On Mon, Jan 15, 2001 at 11:43:32PM +0100, Eugene.Leitl@lrz.uni-muenchen.de wrote:
> > Let me add to this: the unbounded techno-optimism is out of step with
> Unbounded? Where?
In the extropian principles.
> I guess we all should find our fulfillment in petty agriculture, then.
> Sorry, count me out.
Count me out, too.
I'm not advocating going back to the stone age. I'm not even advocating a
slow-down in research, or trying to prevent people inventing and selling
whizzy applications of new technologies.
I'm just saying that new technologies have side-effects, sometimes disastrous
ones, and insisting that their deployment is *always* beneficial isn't going
to fool anyone (and is going to make us look like idiots).
> > .... Especially when talking about technologies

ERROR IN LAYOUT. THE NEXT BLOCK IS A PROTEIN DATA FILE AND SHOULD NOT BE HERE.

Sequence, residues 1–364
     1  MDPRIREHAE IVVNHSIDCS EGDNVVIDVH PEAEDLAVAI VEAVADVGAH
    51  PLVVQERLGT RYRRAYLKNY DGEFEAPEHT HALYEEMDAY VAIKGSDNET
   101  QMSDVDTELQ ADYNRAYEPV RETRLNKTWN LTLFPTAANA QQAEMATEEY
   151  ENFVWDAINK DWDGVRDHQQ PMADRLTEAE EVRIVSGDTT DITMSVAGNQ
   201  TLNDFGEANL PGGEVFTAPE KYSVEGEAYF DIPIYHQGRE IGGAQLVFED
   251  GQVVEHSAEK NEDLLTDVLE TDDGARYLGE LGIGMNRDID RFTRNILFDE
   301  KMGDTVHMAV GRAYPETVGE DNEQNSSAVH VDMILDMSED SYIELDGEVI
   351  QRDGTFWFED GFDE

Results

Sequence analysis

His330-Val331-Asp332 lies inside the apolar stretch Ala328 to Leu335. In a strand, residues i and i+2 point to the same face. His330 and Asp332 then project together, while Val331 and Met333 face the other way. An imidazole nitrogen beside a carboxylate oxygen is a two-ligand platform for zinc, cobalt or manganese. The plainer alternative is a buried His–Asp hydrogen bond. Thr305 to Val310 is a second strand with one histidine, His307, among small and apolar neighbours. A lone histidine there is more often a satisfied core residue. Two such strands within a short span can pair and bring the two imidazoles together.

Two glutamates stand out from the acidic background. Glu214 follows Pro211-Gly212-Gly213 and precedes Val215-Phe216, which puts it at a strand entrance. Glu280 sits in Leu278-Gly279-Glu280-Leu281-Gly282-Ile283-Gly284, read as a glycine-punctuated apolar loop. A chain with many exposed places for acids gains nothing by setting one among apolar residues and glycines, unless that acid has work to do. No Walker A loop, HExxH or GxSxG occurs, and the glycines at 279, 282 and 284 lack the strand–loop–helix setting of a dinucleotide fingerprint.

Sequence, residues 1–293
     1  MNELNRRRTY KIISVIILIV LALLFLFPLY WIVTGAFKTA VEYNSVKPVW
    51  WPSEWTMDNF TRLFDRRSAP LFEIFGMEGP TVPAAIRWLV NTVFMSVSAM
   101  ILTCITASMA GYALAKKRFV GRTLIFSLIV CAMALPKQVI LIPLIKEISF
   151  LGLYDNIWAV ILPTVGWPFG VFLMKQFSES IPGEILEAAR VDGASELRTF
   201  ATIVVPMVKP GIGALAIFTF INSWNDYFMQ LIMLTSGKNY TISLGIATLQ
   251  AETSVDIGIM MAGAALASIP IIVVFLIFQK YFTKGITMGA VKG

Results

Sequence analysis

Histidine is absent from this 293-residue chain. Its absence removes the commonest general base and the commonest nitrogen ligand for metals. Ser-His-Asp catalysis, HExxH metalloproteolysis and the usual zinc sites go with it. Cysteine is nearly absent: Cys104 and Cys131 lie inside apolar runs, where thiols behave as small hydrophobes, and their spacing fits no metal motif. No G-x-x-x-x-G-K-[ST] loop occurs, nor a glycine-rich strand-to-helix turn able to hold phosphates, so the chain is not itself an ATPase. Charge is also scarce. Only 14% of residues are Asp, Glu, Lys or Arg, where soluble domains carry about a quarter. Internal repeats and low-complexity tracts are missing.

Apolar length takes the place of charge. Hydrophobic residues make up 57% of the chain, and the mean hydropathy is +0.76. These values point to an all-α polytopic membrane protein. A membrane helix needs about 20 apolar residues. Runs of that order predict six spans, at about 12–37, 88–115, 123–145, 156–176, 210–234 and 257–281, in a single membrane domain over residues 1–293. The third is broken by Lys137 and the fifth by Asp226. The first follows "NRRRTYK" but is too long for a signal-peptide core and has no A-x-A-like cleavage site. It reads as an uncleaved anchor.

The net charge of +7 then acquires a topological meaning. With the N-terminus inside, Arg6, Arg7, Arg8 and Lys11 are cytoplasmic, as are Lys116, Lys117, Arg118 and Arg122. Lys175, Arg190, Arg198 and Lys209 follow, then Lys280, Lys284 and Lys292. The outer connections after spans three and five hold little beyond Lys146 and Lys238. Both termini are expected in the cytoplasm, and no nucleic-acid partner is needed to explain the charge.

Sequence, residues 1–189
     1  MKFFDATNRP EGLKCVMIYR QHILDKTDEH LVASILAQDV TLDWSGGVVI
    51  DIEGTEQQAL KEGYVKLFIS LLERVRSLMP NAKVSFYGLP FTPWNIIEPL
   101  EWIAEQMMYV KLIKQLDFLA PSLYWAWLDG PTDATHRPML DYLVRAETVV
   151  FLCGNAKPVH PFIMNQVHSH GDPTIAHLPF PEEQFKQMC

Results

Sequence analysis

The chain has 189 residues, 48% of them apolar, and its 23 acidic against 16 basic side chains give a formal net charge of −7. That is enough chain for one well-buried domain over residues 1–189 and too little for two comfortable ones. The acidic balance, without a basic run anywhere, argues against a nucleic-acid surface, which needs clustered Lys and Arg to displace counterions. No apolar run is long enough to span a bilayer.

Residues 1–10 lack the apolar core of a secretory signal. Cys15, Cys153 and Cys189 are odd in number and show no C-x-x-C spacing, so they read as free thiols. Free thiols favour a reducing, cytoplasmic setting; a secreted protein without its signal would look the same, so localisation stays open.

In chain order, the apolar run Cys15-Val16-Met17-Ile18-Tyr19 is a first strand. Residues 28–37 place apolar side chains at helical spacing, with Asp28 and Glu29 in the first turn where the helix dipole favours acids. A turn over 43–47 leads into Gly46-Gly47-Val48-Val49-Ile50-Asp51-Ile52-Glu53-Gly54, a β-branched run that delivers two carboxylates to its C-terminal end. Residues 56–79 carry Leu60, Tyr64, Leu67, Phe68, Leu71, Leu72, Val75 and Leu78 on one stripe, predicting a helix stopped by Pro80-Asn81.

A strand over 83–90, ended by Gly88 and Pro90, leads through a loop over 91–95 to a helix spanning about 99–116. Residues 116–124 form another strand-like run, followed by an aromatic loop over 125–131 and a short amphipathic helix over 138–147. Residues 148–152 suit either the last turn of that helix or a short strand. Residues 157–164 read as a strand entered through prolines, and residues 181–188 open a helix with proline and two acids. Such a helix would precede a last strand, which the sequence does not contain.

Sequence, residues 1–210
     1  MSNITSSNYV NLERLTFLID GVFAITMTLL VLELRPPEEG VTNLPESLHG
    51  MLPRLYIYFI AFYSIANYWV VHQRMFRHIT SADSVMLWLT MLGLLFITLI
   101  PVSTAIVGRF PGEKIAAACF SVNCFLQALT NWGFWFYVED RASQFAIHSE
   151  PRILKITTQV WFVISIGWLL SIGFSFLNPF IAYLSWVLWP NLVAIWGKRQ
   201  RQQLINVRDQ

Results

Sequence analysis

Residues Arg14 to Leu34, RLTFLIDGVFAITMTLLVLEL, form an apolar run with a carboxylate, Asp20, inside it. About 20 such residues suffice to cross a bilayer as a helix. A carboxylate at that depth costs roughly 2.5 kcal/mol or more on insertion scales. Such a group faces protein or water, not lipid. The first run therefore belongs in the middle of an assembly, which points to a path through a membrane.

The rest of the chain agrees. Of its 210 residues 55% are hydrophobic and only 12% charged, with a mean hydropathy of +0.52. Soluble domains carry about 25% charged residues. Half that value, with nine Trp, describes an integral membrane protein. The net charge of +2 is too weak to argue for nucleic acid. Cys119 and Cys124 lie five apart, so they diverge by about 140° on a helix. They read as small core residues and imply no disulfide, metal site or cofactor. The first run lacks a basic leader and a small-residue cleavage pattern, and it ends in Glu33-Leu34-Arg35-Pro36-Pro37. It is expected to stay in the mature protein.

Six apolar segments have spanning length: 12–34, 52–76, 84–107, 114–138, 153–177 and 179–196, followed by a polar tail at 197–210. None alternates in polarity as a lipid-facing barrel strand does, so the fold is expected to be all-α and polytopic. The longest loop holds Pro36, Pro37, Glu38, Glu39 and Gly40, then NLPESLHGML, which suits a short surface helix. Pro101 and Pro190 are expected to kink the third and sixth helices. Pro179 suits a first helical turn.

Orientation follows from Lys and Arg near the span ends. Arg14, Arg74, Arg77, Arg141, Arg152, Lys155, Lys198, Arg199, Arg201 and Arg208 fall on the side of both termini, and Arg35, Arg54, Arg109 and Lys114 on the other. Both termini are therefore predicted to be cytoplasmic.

> > (example: molecular nanotechnology) where the benefits are major, but
> > the worst possible case down-side is catastrophic (i.e. total extinction).
> You will notice that there is no consensus on the issue.
On the contrary -- there is a consensus that we oughtn't to wipe ourselves
out. (I think you'd find very few people seriously disagree with that
statement, and most of them aren't in a position to act on their ideas.
> > Pure unadulterated optimism, to put it bluntly, is unrealistic -- and
> > everybody knows it.
> So is pure pessimism. Gosh, we have to find a middle course. Who would
> have thought?
So, your question for $64K: why is Extropianism so overtly associated
with unmitigated optimism that it's seen as a joke in some circles?
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